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McDonald's in Florida refused to hire Jewish man because of his beard, lawsuit says

The store was looking to hire Morteza Javadi for a part-time maintenance job in September 2016, but only if he shaved, according to the U.S. Equal Employ­ment Opportunity Commission lawsuit.

A McDonald's in central Florida discriminated against a Hasidic Jewish job applicant, by refusing to hire him because of his beard, a federal agency said in a lawsuit this week.

The U.S. Equal Employ­ment Opportunity Commission filed the suit against Chalfont & Associates Group, owner of the McDonald's in Longwood, Florida, just north of Orlando.

That McDonald's store wanted to hire Morteza Javadi for a part-time maintenance job in September 2016, but only if he shaved off his beard, according to the EEOC lawsuit filed Tuesday.

"During his interview, the hiring manager told the applicant he would be hired, but needed to shave his beard to comply with McDonald's grooming policy," according to an EEOC statement.

"The applicant told the hiring manager he would not shave his beard due to his religious beliefs. The applicant offered to wear a beard net as a solution, but was denied."

The management's refusal to hire the man violates federal statutes which prohibit dis­crimination based on religion, according to the agency. The law also "requires employers to reasonably accommodate an applicant's or employee's sincerely held religious beliefs, unless it poses an undue hardship," the EEOC said.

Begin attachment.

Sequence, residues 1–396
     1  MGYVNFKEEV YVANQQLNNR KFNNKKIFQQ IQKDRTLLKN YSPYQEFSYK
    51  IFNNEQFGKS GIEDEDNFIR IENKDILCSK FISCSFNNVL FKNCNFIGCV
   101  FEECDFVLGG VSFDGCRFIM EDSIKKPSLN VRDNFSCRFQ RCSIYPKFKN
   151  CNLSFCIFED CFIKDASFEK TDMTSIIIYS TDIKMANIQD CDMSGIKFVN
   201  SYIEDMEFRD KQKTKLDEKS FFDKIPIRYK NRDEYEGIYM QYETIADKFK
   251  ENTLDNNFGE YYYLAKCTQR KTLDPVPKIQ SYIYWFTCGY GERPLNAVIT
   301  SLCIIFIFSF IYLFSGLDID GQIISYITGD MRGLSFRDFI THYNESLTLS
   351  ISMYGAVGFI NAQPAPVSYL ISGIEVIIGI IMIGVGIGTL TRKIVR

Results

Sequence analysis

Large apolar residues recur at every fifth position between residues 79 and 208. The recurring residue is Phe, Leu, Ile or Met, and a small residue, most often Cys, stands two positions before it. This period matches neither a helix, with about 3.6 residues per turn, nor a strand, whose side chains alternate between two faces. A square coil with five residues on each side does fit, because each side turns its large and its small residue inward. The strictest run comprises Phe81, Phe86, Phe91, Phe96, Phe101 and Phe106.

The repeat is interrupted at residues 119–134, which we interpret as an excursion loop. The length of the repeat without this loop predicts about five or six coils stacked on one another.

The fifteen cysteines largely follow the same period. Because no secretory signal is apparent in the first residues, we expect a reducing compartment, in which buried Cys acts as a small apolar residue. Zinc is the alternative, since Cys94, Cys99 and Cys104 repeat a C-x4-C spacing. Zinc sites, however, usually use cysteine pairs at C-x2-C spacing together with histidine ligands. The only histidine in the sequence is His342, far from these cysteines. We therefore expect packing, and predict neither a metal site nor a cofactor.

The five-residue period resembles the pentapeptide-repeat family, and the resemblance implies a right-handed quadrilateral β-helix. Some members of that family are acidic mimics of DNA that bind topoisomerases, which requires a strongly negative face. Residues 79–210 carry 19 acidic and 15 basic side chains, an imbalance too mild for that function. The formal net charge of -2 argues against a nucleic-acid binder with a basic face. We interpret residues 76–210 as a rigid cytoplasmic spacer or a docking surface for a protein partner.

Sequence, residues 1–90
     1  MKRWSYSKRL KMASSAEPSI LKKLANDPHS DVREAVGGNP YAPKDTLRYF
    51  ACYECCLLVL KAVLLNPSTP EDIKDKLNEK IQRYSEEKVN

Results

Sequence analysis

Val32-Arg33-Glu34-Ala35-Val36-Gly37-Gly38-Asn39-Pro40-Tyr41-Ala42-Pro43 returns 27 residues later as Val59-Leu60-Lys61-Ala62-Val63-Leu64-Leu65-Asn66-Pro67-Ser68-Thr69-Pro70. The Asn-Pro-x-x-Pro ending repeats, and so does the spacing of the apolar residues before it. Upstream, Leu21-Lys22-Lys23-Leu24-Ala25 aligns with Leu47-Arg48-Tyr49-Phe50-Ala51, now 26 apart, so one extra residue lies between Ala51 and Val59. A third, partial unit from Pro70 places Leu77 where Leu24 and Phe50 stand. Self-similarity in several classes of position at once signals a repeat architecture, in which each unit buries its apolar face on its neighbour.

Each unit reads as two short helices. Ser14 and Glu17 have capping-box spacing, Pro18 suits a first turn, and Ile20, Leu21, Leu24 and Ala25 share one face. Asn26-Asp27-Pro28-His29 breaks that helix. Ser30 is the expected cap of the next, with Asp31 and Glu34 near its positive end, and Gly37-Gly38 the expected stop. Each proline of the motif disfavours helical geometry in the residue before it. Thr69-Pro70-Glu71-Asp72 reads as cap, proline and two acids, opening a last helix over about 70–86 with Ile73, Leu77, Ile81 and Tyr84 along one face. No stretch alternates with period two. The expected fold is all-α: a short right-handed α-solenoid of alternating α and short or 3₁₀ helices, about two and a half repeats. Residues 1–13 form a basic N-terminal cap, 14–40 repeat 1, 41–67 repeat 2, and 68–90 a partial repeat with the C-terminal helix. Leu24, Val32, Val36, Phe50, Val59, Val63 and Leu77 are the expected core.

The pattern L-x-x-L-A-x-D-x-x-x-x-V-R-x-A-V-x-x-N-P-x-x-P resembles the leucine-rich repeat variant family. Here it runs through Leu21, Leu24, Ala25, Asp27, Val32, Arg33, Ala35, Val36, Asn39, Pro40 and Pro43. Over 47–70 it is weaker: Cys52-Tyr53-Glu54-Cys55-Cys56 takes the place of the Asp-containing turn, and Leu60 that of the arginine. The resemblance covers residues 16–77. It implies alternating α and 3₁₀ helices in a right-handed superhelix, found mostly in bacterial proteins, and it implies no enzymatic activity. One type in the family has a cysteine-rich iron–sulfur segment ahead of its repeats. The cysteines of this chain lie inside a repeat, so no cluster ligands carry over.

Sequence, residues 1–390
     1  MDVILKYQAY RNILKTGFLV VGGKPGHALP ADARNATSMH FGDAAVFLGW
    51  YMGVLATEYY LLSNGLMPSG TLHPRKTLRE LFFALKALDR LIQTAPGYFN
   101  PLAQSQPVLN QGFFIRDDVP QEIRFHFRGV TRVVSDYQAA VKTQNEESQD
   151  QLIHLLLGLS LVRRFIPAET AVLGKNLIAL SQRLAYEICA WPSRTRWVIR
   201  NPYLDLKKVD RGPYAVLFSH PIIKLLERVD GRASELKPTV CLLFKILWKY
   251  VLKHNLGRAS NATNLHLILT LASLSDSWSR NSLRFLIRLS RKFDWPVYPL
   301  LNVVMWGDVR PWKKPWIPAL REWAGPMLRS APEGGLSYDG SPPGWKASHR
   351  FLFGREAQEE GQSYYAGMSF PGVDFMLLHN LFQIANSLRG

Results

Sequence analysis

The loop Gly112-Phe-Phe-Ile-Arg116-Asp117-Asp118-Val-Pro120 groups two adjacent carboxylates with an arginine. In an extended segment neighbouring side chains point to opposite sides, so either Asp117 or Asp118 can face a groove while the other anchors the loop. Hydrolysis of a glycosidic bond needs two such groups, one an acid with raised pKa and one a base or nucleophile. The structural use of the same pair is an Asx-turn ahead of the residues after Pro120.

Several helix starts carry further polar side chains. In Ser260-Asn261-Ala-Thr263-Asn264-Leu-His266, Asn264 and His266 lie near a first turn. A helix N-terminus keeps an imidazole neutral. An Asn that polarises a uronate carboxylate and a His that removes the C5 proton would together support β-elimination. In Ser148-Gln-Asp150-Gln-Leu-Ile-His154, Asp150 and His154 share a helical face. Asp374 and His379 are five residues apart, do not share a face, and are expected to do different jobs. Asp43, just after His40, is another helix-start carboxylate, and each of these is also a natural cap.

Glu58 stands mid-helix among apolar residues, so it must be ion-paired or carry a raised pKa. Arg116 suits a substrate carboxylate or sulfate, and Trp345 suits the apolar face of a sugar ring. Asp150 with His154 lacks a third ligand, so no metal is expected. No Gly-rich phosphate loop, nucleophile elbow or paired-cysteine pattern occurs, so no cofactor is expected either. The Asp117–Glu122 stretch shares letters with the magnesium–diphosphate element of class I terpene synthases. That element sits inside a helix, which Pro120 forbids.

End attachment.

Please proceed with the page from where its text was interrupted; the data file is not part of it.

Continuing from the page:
"The fact that McDonald's has grooming policies does not exempt them from following the law," EEOC Regional Attorney Robert Weisberg said in a statement.

"McDonald's was aware the applicant could not shave his beard for religious reasons, but refused to accommodate his religious beliefs. Employers should never force applicants to choose between their sincerely held religious beliefs, which can be reasonably accommodated, and earning a living."

Representatives for Chalfont & Associates Group and McDonald's could not be immediately reached for comment Thursday.

The EEOC is suing for back pay with interest, out-of-pocket costs for the plaintiff and punitive damages.